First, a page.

International money transfer is on its way to becoming a contactless workflow. It’s still early in terms of adoption, but the handwriting is on the wall.
Sramana Mitra: Let’s have you introduce yourself as well as Remitly to our audience.
Matt Oppenheimer: I’m the Founder and CEO of Remitly.
Sramana Mitra: Tell us about Remitly.
Matt Oppenheimer: Remitly is a mobile phone alternative to the offline cash-based system of sending money internationally. We started about five years ago. We send over a billion in annual transactions which makes us the largest independent digital money transmitter in the US. We’re growing very rapidly. We grew about 400% year on year last year.
Sramana Mitra: The old player in the space is Western Union except they’re not mobile. Is that how you categorize the space? Can you give us a overview of the space? >>>
Entrepreneurs are invited to the 304th FREE online 1M/1M roundtable mentoring session on Thursday, April 28, 2016, at 8 a.m. PDT/11 a.m. EDT/8:30 p.m. India IST.
If you are a serious entrepreneur, register to “pitch” and sell your business idea to Sramana Mitra. You’ll gain straightforward feedback, advice on next steps, and she’ll answer any of your questions. Others can register to “attend” to watch, learn, and interact through the online chat.
Mark Schwarz: It was very clear to the corporate owners and to a select set of stores that they needed to change their transaction prices and make them lower, and that they need to raise operational efficiency to compete with the third-party oil change providers. They work with us to build new ways of looking at their business.
It helps them collect data they never had before. They can cluster those in ways that are novel and more actionable. Then they can roll them into a set of next steps that are reasonable for both the stores and the corporate staff. As I said, in the middle, we have field managers. I see them as analysts. They are experts at dealing with data on a store-by-store level.
We’re highly concerned about what they think about how the business is evolving and how it can be better. Our job is to augment their efforts. We can give them the data they need to make a change. >>>
In case you missed it, you can listen to the recording here:
After multiple failed efforts to resurrect Yahoo (Nasdaq: YHOO), it appears that the company has finally hit absolute bottom. Markets reports continue to be dismal. An eMarketer report estimates that Yahoo will account for 1.5% of the global market for online ads compared with 2.4% share in 2015. As the company continues to flounder through each quarter, the only news that appears to be uplifting the stock is news of its potential acquisition.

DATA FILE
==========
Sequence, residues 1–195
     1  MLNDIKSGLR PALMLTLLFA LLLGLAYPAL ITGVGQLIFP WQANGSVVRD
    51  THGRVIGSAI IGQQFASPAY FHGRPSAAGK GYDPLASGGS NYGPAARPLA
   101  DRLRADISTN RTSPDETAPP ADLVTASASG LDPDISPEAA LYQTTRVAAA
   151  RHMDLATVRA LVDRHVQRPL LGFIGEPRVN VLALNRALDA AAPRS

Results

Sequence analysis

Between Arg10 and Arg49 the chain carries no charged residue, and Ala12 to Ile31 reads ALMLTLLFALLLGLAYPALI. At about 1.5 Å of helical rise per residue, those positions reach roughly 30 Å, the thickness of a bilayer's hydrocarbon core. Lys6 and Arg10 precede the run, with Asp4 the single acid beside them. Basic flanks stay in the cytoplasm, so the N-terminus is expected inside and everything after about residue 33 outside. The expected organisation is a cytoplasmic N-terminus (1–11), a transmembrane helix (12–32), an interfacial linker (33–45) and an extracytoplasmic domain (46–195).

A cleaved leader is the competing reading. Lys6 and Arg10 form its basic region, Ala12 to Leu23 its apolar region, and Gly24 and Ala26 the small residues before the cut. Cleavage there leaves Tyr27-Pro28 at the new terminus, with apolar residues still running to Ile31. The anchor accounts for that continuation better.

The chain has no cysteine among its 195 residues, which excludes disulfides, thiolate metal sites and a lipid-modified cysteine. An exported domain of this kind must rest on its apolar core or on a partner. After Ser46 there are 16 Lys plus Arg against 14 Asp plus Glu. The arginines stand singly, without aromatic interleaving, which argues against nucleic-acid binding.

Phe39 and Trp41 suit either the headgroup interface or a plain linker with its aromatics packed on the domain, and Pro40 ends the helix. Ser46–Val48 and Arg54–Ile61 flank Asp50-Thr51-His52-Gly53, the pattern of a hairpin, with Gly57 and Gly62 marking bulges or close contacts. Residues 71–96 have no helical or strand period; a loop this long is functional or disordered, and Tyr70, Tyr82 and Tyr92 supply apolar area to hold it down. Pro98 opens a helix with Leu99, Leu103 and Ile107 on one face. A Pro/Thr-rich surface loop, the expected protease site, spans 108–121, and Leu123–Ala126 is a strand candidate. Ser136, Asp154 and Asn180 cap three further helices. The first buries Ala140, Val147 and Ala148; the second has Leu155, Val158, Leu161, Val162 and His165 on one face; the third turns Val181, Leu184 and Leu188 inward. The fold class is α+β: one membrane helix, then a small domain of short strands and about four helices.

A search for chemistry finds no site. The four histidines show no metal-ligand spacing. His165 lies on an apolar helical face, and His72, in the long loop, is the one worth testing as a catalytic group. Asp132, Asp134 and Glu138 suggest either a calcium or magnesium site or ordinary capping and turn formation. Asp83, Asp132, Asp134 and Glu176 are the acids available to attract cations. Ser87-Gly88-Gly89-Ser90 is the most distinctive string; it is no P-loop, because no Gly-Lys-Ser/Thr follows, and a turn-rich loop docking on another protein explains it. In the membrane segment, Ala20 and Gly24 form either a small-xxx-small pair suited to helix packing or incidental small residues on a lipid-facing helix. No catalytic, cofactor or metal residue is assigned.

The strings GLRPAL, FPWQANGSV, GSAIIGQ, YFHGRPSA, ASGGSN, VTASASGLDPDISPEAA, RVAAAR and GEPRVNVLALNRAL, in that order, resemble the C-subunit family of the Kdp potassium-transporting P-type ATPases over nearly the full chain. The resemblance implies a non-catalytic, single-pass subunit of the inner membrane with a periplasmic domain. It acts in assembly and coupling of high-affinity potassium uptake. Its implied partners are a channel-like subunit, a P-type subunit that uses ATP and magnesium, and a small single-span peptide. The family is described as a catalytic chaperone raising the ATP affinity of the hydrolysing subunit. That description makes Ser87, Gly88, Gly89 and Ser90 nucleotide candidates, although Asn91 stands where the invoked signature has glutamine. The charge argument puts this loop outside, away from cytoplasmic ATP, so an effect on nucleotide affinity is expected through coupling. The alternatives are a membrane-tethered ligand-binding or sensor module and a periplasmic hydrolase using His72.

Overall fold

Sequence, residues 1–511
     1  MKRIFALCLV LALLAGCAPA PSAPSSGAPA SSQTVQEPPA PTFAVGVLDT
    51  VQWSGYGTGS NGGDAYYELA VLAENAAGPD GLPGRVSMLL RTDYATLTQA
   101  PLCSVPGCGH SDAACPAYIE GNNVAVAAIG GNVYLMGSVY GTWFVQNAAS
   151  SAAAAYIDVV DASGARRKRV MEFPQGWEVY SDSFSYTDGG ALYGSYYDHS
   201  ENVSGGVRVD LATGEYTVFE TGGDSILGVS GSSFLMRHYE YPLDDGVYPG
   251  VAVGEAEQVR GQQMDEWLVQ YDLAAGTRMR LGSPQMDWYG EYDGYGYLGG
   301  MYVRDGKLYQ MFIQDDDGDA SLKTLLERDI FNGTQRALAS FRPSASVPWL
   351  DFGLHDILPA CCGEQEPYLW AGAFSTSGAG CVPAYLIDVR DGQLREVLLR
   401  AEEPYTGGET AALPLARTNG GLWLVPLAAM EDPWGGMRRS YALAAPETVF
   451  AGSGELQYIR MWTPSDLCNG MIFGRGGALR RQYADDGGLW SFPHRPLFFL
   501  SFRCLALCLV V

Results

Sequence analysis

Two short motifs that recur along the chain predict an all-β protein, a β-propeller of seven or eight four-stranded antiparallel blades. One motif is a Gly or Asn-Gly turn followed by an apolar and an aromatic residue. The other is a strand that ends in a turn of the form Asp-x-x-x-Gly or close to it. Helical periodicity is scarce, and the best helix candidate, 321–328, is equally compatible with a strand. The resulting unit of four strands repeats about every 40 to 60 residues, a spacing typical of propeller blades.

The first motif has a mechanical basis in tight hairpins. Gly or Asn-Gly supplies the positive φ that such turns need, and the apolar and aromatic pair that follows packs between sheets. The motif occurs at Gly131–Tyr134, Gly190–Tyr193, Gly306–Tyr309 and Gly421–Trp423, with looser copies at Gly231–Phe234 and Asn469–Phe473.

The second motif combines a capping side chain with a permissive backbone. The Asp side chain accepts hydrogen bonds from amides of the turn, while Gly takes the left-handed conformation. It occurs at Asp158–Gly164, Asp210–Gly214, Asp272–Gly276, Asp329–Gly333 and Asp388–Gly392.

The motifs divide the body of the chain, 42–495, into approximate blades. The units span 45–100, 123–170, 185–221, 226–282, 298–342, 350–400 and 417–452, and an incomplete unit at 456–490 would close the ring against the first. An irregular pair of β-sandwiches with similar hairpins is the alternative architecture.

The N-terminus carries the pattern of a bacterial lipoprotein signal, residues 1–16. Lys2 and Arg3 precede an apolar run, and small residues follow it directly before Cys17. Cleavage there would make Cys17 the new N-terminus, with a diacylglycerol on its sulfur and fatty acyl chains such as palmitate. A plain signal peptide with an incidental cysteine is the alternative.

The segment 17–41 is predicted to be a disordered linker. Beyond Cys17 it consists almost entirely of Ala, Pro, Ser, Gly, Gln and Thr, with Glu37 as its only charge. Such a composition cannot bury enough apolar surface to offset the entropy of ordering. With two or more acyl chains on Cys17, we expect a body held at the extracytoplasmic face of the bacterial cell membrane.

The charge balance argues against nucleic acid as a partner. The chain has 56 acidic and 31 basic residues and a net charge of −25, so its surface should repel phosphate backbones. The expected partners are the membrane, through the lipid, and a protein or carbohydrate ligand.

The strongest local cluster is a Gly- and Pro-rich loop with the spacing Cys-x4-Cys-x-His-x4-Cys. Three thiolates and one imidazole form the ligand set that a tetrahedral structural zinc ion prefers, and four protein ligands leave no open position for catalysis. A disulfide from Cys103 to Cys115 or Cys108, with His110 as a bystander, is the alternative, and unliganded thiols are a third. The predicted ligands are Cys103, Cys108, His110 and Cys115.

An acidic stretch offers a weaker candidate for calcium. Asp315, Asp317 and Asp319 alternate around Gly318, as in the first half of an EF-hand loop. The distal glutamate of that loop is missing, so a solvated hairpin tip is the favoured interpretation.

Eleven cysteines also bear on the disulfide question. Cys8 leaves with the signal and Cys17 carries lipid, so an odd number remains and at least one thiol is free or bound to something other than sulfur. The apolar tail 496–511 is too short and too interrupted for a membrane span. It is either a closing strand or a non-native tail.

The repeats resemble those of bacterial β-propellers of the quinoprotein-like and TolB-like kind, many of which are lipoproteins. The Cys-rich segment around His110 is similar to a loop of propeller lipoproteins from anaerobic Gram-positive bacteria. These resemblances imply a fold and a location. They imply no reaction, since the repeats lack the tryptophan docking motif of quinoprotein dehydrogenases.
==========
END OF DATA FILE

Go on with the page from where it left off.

Sramana Mitra: How many enterprise customers were you able to get in 2004? How were revenues scaling?
Matthew Calkins: I think we were growing at about 20% to 30% in those years. Our customer gain was never what we wanted but still steady and lucrative. In fact, we didn’t have a growth problem until 2008 when we were investing hoping for better results. Then we hit a few problems. We had a version that had a lot of technical problems. We were in crisis mode with some of our customers.
At the same time, the market was proving to be uninterested in buying. We had just a confluence of some difficult factors for a few years leading up to that. We had felt that we were spending all of our money being tactical and none of it to break out strategically. I think this was really the core problem. Our competitors were successful at forcing us to play against their strengths. They would have some features. They would all agree on it and build the same thing. They would convince the analyst that this was the feature you needed. This was the thing that they’d be talking about at conferences. >>>
During this week’s roundtable, we had as our guest Ho Nam, Managing Director at Altos Ventures. Ho made a clear distinction between capital efficient company building and the “grow at costs in all sorts of unsustainable ways” philosophy. They are two distinctly different ways of building businesses.
Job On Buddy
As for the pitches, first up, Puneet Patel from Birmingham, England, pitched Job On Buddy, a marketplace for connecting temporary blue-collar workers in the UK with employers.
Next, Ajay Thakur from Bangalore, India pitched Bameslog which evidently has a large number of users and offers some sort of a content consumption app. The pitch was very hard to understand, and needs huge improvement.
Store management is going through transformation because of the data science. Read how the automobile sector is evolving.
Sramana Mitra: Let’s start at the very beginning and introduce our audience to booth Square Root and yourself.
Mark Schwarz: We’re a software company based out of Austin that delivers software in the store relationship management space. The store relationship management space has to do with making field staff in retail environments the champions of their respective businesses, and dealing with specific accounts that they have such as managing a set of relationships both at the store and corporate level at the same time. As I said, we have a SaaS offering. We augment that data science team in two ways—by supporting the platform and by helping with specific consulting services when necessary. There are nine of us. >>>